The COVID-19 pandemic has upended the economy and the global way of life. As Jack Plotkin, former Goldman Sachs employee says, this has had unexpected effects on the stock market, effects that have contributed to trends that were not easily predictable. For example, a global economic crisis is usually expected to translate into a bear market on the stock exchange. While this was the case at the outset of the pandemic, the market has reversed course sharply and has surged since April, now claiming new all-time highs.
Another unexpected, but perhaps related trend, has been the rise of day trading among non-institutional investors. Jack Plotkin, a seasoned expert on the subject, who spent nearly a decade at Goldman Sachs as an investment banker and financial strategist, elaborates on the causes behind the rise of day trading and where it is likely to lead.
“We are seeing millions of Americans suddenly without a job, underemployed, or furloughed. Economic activity has slowed down. Entire industries are at a standstill,” says Jack Plotkin. “Does this sound like an environment conducive to day trading? Absolutely not. Yet, day trading has never been bigger. You want to know why? Well, you’ve got millions of people essentially being subsidized by the government with boosted unemployment benefits and payroll protection loans. At the same time, people are landlocked with shelter-in-place directives. They’re not going out to bars, restaurants, movies, and gyms. With money flowing and less to spend it on, they’re letting it ride on the stock market.”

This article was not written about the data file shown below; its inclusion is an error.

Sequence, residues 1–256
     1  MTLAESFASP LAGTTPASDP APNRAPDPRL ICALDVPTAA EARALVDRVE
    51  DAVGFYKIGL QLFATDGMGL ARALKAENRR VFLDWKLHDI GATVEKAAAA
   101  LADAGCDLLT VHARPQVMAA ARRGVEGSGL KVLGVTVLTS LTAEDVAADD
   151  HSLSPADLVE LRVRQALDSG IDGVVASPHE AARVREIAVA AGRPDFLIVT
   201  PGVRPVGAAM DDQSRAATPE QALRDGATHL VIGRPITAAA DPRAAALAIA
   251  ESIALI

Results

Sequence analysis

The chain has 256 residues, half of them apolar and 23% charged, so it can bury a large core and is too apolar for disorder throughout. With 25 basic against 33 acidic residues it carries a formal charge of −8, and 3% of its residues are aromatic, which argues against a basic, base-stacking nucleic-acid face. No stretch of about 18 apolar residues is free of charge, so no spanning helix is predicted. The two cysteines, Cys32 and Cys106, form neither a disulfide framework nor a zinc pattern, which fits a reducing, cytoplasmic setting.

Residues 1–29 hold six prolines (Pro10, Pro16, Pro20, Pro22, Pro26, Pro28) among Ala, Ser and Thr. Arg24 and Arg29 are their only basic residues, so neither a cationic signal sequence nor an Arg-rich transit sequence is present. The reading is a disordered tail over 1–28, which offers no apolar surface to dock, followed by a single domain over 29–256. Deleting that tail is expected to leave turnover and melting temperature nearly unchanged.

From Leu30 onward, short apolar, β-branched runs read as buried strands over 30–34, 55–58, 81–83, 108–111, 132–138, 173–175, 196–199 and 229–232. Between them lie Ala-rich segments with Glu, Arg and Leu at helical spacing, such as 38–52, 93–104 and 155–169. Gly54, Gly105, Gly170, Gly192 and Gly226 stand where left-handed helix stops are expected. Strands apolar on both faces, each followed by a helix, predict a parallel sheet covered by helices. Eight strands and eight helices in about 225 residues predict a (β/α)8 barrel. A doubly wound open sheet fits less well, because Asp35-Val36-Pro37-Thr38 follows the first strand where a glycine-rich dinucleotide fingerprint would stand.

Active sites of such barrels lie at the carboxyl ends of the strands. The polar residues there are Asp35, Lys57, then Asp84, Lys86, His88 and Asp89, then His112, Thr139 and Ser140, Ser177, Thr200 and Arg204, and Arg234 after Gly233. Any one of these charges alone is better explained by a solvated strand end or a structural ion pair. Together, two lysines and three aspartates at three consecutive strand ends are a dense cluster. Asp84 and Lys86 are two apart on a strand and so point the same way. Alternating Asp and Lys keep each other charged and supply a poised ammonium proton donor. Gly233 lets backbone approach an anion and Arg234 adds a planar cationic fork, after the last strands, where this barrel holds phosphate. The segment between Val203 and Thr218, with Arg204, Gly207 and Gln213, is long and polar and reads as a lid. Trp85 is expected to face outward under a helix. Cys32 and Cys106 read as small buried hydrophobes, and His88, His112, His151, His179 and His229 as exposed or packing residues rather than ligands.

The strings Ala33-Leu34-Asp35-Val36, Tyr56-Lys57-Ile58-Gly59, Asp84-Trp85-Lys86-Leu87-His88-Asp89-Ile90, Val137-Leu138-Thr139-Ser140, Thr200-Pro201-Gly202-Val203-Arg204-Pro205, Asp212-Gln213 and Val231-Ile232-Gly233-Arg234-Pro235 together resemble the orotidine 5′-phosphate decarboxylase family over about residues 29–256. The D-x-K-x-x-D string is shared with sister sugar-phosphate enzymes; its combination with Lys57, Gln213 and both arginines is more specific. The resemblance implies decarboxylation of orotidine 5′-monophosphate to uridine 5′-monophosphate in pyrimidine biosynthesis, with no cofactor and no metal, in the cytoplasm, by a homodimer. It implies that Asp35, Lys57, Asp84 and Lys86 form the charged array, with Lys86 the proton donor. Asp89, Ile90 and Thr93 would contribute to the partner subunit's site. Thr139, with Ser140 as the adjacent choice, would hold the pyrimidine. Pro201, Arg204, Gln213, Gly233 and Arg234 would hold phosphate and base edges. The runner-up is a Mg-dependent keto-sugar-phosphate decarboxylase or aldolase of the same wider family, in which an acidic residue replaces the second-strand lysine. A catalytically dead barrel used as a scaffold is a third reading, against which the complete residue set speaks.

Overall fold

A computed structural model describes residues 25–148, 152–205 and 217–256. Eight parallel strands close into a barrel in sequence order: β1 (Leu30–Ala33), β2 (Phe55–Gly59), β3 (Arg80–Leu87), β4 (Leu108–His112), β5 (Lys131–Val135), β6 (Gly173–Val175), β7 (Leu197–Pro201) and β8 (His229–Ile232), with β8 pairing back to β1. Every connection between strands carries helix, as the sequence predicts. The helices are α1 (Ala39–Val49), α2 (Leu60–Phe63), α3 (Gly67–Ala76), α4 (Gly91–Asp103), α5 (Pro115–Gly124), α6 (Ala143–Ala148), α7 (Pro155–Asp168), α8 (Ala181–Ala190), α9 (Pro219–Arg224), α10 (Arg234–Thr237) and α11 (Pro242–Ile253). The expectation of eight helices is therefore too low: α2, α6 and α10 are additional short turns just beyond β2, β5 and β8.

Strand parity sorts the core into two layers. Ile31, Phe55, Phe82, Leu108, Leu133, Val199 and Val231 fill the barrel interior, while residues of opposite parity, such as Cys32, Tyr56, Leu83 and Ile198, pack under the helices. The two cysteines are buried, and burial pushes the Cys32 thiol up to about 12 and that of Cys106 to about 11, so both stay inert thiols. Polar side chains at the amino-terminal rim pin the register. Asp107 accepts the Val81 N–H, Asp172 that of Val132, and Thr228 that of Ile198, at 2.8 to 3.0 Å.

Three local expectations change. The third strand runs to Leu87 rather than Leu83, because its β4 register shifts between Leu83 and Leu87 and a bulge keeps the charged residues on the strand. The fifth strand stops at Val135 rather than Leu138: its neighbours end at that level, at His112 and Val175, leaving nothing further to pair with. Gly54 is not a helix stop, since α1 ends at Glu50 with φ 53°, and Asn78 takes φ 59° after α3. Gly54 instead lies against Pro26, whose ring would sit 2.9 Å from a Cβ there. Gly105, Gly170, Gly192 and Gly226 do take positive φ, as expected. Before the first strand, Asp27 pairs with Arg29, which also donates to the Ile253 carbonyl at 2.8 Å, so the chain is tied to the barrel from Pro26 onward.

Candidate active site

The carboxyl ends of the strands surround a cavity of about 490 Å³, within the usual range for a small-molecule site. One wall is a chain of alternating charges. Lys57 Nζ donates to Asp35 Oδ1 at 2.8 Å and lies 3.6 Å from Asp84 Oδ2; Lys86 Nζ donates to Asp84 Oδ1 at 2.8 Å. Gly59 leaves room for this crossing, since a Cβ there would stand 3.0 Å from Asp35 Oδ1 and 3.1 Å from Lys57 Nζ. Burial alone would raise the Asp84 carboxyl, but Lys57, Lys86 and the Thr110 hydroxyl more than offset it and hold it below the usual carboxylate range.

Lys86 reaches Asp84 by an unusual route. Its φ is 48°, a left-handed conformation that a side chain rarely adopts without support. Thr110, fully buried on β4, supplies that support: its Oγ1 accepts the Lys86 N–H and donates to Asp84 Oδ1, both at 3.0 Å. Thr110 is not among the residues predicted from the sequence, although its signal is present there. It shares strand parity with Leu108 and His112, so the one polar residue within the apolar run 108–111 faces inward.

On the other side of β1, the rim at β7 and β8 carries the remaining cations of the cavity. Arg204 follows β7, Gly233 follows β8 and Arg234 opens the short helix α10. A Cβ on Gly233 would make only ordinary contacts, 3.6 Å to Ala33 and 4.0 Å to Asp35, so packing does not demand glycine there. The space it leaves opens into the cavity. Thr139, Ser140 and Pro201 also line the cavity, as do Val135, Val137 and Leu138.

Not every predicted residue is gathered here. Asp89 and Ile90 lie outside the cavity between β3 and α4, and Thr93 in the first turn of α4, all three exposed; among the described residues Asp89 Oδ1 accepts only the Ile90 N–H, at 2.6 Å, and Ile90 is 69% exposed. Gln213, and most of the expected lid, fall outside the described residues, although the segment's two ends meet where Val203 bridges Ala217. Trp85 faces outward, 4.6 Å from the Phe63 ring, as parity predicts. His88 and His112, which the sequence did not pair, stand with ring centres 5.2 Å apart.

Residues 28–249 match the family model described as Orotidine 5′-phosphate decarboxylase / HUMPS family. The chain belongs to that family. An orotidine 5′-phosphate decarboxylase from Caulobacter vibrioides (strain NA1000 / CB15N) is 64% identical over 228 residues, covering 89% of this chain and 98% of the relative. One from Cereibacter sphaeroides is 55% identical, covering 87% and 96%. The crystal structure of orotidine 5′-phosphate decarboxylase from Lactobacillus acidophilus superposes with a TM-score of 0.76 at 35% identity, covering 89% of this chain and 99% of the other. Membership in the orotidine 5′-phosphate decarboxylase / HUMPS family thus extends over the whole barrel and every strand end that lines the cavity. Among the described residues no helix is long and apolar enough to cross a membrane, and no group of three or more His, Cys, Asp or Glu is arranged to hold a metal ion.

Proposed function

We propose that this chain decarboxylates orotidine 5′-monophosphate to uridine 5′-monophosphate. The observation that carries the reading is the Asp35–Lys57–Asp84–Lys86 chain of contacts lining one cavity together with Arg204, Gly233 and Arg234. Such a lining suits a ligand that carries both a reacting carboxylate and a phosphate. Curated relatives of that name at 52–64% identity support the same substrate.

The beginning of day trading.
As the stock market continues trending up from its March lows, daily market volumes have grown as well and have been much larger than expected. While this is the opposite of what usually occurs during a time of economic crisis, Jack Plotkin points out that we are living in a unique moment in history. “There is now a large group of younger, technologically savvy people with additional free time and unprecedented access to easy-to-use, commission-free trading platforms like Robinhood,” explains Jack Plotkin. “It’s hard to gamble on sports right now, hard to get to a casino, but the market is open every weekday and, when it’s closed, you can still trade pre-market and after-market. Most importantly, unlike traditional casino games, there is no edge to the house – there is no house. While the stock market has a huge element of chance, it is ultimately not a game of chance. Analysis matters.”
Jack Plotkin notes that day traders have been around for as long as the stock exchanges. However, those performing the task of day trading were almost exclusively highly specialized dealers. Furthermore, market conditions were made to suit the classical type of buy-and-hold investors, rather than investors who might buy and sell repeatedly on the same day. Before 1975, the commission for every trade on the exchange was fixed at 1%, which meant that an investor would have to make over 2% on the stock to have any real gain. That was obviously hugely discouraging for day traders.